"The beauty of this method is it is robust and scalable" ...
... but at its heart the results are entirely driven by subjective scores.

Whilst that's in line with the valid comment made at the start ("when it comes to software, best is often subjective") ... doesn't it rather undermine the proposition that 'the method' gives you a set of answers which "define what is best for you .. and how well what is needed can be delivered"?

Thanks (4)
Replying to FactChecker:
Dayle Rodriguez profile picture
By Dayle Rodriguez
04th Jul 2024 10:21

Thank you for taking the time to respond. The subjectivity can be limited by ensuring the testing is uniform and objective.

Using OCR processing speed as an example; we created several dummy supplier invoices then had them processed by each OCR provider. We timed, with a stopwatch, how long it took from sending the data to the OCR system to when the OCR system marked the invoice as complete.

The test was conducted by more than one person on different accounts. The recorded times were aggregated and an average processing speed was determined.

Our method of testing, that was underpinned by the matrix provided quantifiable and objective evidence.

Thanks (1)
Replying to Dayle Rodriguez:
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By FactChecker
04th Jul 2024 14:14

You appear to have misunderstood my point ... which was that the scores (not the methodology) are subjective.

For instance, in your OCR example one of the criteria is "Ease of editing if required".
Any measure that starts with 'Ease' (and there are two others in that list) are by definition subject to the personality/experience/etc of the person giving the score.
So "more than one person on different accounts" is good (and would have been worth mentioning upfront) - although it introduces 'interesting' concepts, such as do you get different 'profiles' for different potential users of the system (as in size of business / depth of experience of users / personality types / etc)?

Basically I'm all for a more rigorous approach and regard yours as a good first step ... but just a little worried that people may think it is entirely mechanistic and therefore that any 'results' are unimpeachable and valid for all.

Thanks (2)
Replying to FactChecker:
Dayle Rodriguez profile picture
By Dayle Rodriguez
05th Jul 2024 09:05

You are 100% correct FactChecker N x E is a good first step and you are right there other layers to the process that make it more robust but I only had 600 words. I haven't shared other aspects of the testing process.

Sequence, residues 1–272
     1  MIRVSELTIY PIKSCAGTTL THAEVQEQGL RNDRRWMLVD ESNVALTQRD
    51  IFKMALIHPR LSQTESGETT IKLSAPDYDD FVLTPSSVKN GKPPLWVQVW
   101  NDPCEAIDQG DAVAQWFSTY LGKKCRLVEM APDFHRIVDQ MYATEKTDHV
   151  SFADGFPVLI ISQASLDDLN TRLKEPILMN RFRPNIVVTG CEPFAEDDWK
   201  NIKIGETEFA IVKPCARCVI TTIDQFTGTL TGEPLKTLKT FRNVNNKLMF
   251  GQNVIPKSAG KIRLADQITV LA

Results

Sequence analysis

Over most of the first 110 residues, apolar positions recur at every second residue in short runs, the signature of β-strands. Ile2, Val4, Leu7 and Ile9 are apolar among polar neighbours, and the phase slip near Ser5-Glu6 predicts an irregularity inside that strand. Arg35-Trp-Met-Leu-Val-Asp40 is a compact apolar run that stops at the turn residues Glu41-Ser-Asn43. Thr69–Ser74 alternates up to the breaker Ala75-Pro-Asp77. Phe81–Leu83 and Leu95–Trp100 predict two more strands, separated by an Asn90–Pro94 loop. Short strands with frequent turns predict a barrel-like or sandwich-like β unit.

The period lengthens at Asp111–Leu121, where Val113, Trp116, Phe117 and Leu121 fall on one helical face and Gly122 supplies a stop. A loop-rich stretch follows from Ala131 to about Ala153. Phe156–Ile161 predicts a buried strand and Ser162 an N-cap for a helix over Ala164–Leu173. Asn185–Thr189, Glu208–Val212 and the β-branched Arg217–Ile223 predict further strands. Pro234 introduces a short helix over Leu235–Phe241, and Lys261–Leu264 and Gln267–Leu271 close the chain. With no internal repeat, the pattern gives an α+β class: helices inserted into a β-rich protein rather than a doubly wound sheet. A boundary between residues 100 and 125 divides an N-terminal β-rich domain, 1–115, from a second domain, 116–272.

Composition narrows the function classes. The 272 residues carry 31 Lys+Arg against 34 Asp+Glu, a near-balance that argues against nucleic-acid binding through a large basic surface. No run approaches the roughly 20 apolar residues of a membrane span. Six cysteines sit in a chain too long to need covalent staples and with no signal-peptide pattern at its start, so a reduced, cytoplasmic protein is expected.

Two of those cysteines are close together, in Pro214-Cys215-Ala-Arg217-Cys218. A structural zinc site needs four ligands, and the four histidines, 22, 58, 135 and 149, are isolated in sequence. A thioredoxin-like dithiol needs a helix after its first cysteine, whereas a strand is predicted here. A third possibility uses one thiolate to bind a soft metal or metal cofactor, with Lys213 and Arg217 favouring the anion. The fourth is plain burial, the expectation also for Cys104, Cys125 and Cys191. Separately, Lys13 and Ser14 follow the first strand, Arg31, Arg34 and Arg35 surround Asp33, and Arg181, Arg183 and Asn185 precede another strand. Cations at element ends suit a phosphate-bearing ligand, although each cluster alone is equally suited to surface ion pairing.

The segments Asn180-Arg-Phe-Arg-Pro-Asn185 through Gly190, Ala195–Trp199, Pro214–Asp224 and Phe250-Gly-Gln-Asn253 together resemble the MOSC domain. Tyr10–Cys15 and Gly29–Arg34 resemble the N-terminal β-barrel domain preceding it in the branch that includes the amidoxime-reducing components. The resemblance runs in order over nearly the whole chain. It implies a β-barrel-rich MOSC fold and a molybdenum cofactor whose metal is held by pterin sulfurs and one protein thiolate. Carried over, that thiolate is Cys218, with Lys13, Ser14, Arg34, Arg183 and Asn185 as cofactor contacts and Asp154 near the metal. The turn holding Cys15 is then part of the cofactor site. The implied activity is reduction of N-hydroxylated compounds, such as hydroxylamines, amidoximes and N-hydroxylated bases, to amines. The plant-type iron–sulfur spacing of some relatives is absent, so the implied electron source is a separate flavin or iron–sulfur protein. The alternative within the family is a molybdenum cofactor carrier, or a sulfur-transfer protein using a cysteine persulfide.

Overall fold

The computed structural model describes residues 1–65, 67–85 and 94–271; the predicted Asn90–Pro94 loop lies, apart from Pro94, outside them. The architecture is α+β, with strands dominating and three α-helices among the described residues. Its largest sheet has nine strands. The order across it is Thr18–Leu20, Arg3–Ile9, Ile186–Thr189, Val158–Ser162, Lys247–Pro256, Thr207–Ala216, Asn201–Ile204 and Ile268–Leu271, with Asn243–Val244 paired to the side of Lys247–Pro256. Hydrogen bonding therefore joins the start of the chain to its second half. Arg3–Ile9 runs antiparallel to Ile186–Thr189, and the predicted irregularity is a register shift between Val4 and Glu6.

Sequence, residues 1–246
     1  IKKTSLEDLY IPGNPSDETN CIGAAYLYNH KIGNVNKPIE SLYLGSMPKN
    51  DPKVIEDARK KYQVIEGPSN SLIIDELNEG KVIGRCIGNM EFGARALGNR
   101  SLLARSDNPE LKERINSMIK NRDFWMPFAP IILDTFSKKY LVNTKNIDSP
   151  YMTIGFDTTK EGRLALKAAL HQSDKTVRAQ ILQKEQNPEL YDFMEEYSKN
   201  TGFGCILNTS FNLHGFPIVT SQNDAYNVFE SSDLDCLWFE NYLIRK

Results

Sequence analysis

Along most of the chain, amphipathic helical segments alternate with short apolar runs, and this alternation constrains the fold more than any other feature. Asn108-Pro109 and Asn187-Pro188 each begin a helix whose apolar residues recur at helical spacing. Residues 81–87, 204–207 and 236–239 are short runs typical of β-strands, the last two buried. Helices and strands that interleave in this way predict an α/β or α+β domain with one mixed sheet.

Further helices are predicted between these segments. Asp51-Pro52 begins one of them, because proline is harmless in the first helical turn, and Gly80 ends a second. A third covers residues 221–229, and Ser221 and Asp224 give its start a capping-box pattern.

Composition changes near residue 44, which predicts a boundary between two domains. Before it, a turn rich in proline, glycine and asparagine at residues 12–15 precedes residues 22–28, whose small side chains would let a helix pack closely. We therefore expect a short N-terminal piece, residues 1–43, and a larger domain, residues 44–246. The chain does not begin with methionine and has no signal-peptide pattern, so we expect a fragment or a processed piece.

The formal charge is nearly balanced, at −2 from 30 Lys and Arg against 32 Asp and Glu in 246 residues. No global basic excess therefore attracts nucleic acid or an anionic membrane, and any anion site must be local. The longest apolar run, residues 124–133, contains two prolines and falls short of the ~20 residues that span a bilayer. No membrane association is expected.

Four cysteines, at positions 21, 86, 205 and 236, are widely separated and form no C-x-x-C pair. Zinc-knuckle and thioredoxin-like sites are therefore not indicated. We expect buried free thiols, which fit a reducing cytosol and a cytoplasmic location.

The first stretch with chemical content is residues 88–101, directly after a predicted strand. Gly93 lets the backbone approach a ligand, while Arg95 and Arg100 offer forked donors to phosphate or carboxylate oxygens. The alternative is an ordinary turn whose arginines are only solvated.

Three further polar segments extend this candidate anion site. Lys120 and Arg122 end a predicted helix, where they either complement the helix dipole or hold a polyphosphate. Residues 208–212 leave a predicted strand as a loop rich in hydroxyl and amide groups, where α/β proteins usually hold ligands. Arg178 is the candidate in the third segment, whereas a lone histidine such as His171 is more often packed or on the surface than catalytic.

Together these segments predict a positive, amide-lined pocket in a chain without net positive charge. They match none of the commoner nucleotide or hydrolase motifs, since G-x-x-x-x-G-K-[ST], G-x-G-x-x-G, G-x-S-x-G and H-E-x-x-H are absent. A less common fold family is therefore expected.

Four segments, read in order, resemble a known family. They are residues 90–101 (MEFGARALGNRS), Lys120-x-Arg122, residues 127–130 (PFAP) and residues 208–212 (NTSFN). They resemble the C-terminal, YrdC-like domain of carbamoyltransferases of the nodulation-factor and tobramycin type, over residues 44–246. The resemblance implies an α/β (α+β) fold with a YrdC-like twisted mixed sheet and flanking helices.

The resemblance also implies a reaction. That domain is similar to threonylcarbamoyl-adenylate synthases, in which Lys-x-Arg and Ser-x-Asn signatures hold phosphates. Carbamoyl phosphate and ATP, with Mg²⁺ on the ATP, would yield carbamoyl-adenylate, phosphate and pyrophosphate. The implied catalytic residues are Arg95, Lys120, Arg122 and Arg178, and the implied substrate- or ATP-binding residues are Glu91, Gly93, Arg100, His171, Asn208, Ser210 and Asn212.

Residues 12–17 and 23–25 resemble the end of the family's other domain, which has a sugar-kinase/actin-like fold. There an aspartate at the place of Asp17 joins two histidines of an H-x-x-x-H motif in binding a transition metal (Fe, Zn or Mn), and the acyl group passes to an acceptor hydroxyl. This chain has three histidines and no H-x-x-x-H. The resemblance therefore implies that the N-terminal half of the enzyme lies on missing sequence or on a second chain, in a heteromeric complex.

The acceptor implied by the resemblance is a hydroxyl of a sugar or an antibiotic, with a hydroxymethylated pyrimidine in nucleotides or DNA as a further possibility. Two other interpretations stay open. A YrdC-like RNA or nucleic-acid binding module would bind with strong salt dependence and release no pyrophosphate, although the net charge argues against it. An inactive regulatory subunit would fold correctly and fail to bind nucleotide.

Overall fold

When you say "just a little worried that people may think it is entirely mechanistic and therefore that any 'results' are unimpeachable and valid for all" I agree. In fact it is one of the core messages of the article i.e. it can't be one size fits all and don't just follow other people. Best needs to be defined by you.

Some things are empirical and other things are subjective. When testing you are balancing the empirical with the subjective to determine best.

Thank you for the comments I think we have a similar mindset with regard to software selection/testing. Your comments have made me dig a little deeper and provide more detail. Hopefully others find our exchange helpful.

Thanks (1)
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By PhilHobdenTech
04th Jul 2024 09:38

Really like this systemic approach. Too many people approach this is a unstructured way and can risk implementing the wrong technology at the wrong time or end up with buyers remorse.

Thanks (4)
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By ArianBloodwood
04th Jul 2024 10:12

Thanks so much for this - it's really helpful!

Thanks (2)
Ivor Windybottom
By Ivor Windybottom
04th Jul 2024 10:22

In addition to the usability factors, etc., we are now consciously including supplier status, namely how the "Iris effect" will impact choice.

I define this effect as the risk that a supplier may be bought by large private equity firms and consolidated/dropped/price hiked.

This can be an important discussion before choosing a supplier, but unfortunately it's not clear (to me!) whether bigger is better or whether smaller suppliers are preferable.

Thanks (3)
Replying to Ivor Windybottom:
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By PhilHobdenTech
04th Jul 2024 10:57

Interesting point.

I have also been asked (in the past) about roadmap and cash runways as key questions when choosing tech. Firms wanting to see there is long term investment and future in their choice

Thanks (0)
Replying to Ivor Windybottom:
Dayle Rodriguez profile picture
By Dayle Rodriguez
04th Jul 2024 11:44

Ivor, a really good point. I like how you dub it the "Iris effect" hahaha. It's funny but true.

"Whether bigger is better or whether smaller suppliers are preferable" I think that is one of the debates most of us are having. Bundling or unbundling of software. It comes and goes in cycles, at the moment we are seeing a lot of bundling/feature consolidation.

Thanks (0)
Stepurhan
By stepurhan
05th Jul 2024 09:47

Why is the example chart so horrendously fuzzy? If you're going to post something as part of an article, surely a decent quality image is in order.

Thanks (0)
Replying to stepurhan:
Tom Herbert
By Tom Herbert
05th Jul 2024 10:48

Apologies stepurhan, that's our fault. Will liaise with Dayle and see if I can procure a better version.

Thanks (0)